Using Lay vs Lie in A Sentence: A Definitive Guide

Using Lay vs Lie in a Sentence: A Definitive Guide

If you were to list out the job titles that you’d expect to see working at Rosh Review, I’m guessing Copy Editor wouldn’t be at the top of your list (or anywhere on it, for that matter). Surprise! Rosh Review has a team of editors who ensure that the content our users learn from is as polished as possible. One of my side projects has been writing grammar and writing tips for our authors—things that might pop up in their day-to-day projects, whether for work, school, or just for fun. These tips started making their way to all of our staff and were dubbed “Laura’s Lessons.” Now, they’re going public. Some of these posts may be rehashing grammar “rules” you learned in grade school, some may be new information, and some may seem like no-brainers, but hopefully you’ll find them helpful or, at the very least, somewhat entertaining.

In this post, I’m tackling two commonly interchanged terms that eluded me for many years until recently. They are the bane of most writers’ (or maybe just my) existence: lay and lie. I used to look up the difference EVERY SINGLE TIME until I searched for a mnemonic to help me keep them straight.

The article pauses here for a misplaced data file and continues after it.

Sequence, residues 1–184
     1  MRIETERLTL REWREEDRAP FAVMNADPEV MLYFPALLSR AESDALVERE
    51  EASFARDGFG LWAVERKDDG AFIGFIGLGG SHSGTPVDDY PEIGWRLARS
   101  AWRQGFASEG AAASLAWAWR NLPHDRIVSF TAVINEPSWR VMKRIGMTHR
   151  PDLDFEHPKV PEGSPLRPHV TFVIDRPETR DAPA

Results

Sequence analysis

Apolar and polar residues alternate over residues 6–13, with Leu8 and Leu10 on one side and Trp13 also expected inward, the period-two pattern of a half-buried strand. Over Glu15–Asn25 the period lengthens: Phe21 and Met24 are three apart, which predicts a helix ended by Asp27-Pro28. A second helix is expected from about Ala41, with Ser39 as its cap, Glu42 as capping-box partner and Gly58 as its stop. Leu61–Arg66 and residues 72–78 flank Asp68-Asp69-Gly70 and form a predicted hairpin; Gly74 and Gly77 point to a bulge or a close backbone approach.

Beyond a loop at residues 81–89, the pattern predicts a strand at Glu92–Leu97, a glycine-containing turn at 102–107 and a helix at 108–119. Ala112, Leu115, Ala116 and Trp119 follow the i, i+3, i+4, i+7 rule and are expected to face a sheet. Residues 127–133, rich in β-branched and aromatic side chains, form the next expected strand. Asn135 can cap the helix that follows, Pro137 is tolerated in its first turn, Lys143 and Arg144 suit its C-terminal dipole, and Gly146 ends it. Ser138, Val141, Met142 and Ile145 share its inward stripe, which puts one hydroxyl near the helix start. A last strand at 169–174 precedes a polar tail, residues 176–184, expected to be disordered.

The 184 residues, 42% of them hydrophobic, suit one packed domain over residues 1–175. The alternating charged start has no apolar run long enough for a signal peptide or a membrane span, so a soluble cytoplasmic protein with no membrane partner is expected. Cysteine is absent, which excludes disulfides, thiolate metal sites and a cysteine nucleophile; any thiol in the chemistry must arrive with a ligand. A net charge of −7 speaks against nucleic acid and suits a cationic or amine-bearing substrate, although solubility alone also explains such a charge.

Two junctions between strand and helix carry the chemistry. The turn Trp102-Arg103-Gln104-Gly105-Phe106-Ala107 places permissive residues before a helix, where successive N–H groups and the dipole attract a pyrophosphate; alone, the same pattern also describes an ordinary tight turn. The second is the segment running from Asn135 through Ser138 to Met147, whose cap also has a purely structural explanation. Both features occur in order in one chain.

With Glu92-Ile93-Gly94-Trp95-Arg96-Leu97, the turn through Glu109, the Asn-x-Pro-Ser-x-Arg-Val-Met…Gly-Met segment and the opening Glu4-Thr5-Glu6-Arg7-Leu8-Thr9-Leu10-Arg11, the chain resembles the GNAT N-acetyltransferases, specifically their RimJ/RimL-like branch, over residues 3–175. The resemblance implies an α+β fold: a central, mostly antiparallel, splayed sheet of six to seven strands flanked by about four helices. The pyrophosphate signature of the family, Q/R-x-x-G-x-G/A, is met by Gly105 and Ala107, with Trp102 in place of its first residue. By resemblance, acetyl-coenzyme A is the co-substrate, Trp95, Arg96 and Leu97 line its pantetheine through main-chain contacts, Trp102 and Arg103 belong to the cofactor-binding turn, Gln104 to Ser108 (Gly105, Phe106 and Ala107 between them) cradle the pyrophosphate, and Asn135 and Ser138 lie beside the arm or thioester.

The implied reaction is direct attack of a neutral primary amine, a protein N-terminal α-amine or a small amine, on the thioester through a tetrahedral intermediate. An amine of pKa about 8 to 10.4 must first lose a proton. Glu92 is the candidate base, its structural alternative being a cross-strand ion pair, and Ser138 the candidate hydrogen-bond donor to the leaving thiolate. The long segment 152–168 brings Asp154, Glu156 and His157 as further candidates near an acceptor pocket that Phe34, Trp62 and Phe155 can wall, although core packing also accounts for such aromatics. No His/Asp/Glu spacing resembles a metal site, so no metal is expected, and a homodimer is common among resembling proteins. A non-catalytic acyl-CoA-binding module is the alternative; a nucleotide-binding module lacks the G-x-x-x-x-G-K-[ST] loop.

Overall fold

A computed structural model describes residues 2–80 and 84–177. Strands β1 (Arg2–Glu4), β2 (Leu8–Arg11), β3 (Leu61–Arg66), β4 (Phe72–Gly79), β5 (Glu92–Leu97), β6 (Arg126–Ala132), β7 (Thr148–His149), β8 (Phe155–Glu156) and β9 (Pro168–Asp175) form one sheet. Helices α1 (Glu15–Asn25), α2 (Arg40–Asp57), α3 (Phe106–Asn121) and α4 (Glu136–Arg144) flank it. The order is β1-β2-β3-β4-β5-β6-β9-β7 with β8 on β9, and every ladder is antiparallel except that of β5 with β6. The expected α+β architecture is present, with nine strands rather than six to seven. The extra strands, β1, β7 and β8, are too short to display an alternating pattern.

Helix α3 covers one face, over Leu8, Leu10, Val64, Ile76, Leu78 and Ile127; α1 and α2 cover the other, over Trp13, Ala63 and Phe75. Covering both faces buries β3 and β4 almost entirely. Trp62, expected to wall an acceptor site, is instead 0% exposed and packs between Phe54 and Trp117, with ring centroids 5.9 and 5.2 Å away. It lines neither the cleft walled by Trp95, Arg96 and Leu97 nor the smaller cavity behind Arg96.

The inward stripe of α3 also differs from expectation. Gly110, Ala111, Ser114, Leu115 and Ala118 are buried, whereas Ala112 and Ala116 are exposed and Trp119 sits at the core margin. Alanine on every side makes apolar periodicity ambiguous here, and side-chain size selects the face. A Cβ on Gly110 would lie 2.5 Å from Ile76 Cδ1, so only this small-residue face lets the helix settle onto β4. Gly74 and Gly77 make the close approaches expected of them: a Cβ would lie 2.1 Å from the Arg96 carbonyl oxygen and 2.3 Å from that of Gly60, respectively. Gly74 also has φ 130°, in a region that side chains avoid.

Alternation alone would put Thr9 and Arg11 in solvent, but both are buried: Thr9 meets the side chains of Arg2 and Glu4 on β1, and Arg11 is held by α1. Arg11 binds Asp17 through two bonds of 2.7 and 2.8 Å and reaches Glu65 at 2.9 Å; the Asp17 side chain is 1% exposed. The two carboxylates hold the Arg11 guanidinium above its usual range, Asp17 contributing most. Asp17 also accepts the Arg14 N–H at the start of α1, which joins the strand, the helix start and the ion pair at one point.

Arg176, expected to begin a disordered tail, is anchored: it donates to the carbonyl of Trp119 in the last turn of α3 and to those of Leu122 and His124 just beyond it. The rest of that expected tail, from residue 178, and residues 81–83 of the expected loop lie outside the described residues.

To lay is to place, put, or set down something. The key here is something—there’s always an object that’s being placed.

She lay the rug out on the floor. (The rug is the object.)

I mentioned that I desperately needed a mnemonic so I didn’t have to keep double-checking I was using the correct word. Enter grammar guru Mignon Fogarty, aka Grammar Girl. Her trick that works best for me is to think of the phrase “lay it on me.” You could also think of “lay it on thick.” The use of it after “lay” helps me remember that lay should involve an object, an “it.”

To lie, on the other hand, is to rest in a horizontal position, and it doesn’t take an object—lie doesn’t need an “it.” To lie can also mean to tell an untruth (it’s one of those fun homographs, or a word whose same spelling has multiple meanings), but luckily we don’t use “lay” to refer to false statements. So, when you want your dog to rest horizontally, you should tell it to go lie down (one of the few commands my dog, Arthur, understands).

I’m going to lie in bed.

Once you get those two nailed down and you’re feeling great about the present tense, past tenses and participles step in and mess everything up. Why? Because the past tense of lie is…lay.

Last night, I lay in my bed for nine hours straight.

Whose bright idea was this? I don’t know, but it’s confusing, so I’ve created a table for you to reference if needed (I still use this when I’m not writing in the present tense).

Enjoy! And if you’re ever dreaming of lying in a sunny field, make sure you lay down a blanket.


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